Climate Emergency #4
Dec 3 2019
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Two companies in the Rolls-Royce group have agreed to pay penalties of approximately £652 million as a result of 12 counts of bribery, corruption and fraud dating back to 1989. The offences include the making of corrupt payments in India and Russia and failures to prevent bribery in Nigeria and Indonesia. Under the Bribery Act 2010, a commercial organisation is guilty of an offence if it fails to prevent those acting on its behalf from bribing others.
The Serious Fraud Office (SFO) is responsible for investigating and prosecuting complex fraud and corruption in the UK. The SFO began investigating Rolls-Royce in 2012 following concerns raised by various internet postings. The investigation lasted for four years and is the largest conducted by the SFO.
Rolls-Royce avoided prosecution by entering into a Deferred Prosecution Agreement (DPA) with the SFO. DPA's were introduced by the Crime and Courts Act 2013 and they are potentially available to body corporates, partnerships and unincorporated associations in relation to specific financial offences where the only sanction is financial in nature.
Once a proposed DPA is agreed between the prosecutor and an organisation, it goes before a judge for validation. The judge will validate the DPA if it is in the interests of justice and fair, reasonable and proportionate in the circumstances. Once the DPA is agreed, the prosecution is put on hold and eventually dropped as long as the parties comply with its terms.
Sir Brian Leveson, the judge in the Rolls-Royce case, approved the DPA last week. Rolls-Royce is now protected from prosecution in relation to the 12 bribery, fraud and corruption offences as long as it doesn’t breach the terms of the DPA.
Crucially, the DPA does not prevent the SFO from prosecuting those individuals who were responsible for the bribery, fraud and corruption. The SFO is continuing its investigation into those individuals (many of whom will be former employees of Rolls-Royce) and there may well be criminal sanctions for those involved which could include prison sentences of up to 10 years.
Under the terms of the DPA, Rolls-Royce has agreed to pay:
Rolls-Royce has also agreed to pay penalties of c.£155 million to Brazilian and US authorities in relation to the offences in their countries.
Implications for organisations in the UK
The Bribery Act 2010 came into force in July 2011 and was heralded as the most robust anti-corruption legislation in the world. Despite the initial fanfare, it was not until December 2014 that the first bribery prosecutions by the SFO began to arrive. Since then, there have been a stream of successful prosecutions, several of which resulted in fines of approximately £20 million.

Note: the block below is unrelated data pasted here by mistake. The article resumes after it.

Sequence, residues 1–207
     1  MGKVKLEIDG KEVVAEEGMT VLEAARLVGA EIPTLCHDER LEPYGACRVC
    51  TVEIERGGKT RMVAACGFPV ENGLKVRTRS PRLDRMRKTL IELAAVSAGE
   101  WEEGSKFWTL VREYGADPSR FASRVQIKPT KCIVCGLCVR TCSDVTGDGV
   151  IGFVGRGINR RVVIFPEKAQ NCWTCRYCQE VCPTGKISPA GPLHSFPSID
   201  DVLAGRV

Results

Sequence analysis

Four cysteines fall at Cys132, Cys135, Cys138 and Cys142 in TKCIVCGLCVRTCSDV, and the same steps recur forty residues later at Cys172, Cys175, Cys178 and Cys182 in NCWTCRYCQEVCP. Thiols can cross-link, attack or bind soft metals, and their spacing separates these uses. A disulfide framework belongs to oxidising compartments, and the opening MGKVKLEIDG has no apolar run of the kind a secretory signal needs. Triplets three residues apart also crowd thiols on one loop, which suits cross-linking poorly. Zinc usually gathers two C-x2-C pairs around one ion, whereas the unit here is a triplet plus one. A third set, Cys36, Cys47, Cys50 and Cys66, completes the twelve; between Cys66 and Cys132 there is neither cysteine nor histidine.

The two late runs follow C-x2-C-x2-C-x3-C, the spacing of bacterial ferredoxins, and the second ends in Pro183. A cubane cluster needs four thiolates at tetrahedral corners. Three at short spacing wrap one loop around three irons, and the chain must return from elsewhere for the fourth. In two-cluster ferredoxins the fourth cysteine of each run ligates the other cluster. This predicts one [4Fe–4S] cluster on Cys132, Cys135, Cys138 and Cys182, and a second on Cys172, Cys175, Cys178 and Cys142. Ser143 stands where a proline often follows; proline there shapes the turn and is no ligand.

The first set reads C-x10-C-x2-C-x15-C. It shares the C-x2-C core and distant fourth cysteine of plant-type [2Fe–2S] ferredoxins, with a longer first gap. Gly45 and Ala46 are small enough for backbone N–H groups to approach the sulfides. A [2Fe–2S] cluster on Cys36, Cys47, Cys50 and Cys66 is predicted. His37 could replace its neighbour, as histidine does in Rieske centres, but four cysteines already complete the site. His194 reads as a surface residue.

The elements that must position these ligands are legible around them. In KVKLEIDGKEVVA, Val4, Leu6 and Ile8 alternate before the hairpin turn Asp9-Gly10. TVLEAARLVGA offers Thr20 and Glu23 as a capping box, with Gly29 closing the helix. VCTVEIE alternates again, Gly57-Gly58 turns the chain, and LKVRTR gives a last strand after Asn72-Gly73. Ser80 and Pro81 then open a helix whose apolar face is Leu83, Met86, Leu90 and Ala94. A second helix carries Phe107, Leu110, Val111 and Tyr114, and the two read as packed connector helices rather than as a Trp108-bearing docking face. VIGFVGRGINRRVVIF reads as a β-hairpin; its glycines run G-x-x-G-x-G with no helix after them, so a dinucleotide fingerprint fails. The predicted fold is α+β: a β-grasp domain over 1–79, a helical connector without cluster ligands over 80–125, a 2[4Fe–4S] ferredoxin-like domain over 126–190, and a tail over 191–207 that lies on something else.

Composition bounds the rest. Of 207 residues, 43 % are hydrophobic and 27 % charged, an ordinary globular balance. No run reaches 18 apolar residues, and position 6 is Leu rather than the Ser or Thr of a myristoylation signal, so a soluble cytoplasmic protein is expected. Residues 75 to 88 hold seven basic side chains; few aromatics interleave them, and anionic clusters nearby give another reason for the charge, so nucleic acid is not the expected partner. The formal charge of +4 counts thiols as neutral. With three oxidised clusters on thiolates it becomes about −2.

The Rolls-Royce DPA is the third which the SFO has agreed:
The Rolls Royce DPA is on an entirely different scale to the SFO's previous prosecutions and DPAs. The financial penalties, and even the contribution towards the SFO's costs, are exponentially greater than what has come before and is likely to enhance the SFO's reputation around the world.
It is worth highlighting that the situation could have been much worse for Rolls-Royce. Since 2012, Rolls-Royce has conducted its own extensive internal investigations and its cooperation with the SFO throughout the saga was said to be "extraordinary" by Lord Justice Leveson. He made it clear that whatever the costs Rolls-Royce have incurred, they are modest compared to the costs which would have been incurred had Rolls-Royce failed to cooperate with the SFO's investigation and instead sought to fight the SFO's prosecution.
How Bevan Brittan can help you
Under the DPA, Rolls-Royce admitted to committing five counts of failing to prevent those acting on its behalf from bribing others, an offence under section 7 of the Bribery Act 2010. Only a 'relevant commercial organisations' can be guilty of the section 7 offence. For the purpose of the Act, relevant commercial organisations are not limited to private sector businesses such as Rolls Royce but potentially include organisations which engage in any commercial activity, even if they are performing a public function or their primary purpose is charitable or educational in nature.
On a more positive note, it is a full defence if a commercial organisation can prove that they have in place adequate procedures designed to prevent those acting on your behalf from committing bribery offences.
What amounts to "adequate procedures" will vary depending on the unique risks faced by a commercial organisation. Bevan Brittan's Compliance Team specialise in working with organisations to establish the risks which they face and to formulate procedures and systems which aim to prevent bribery offences occurring on their behalf, which can include: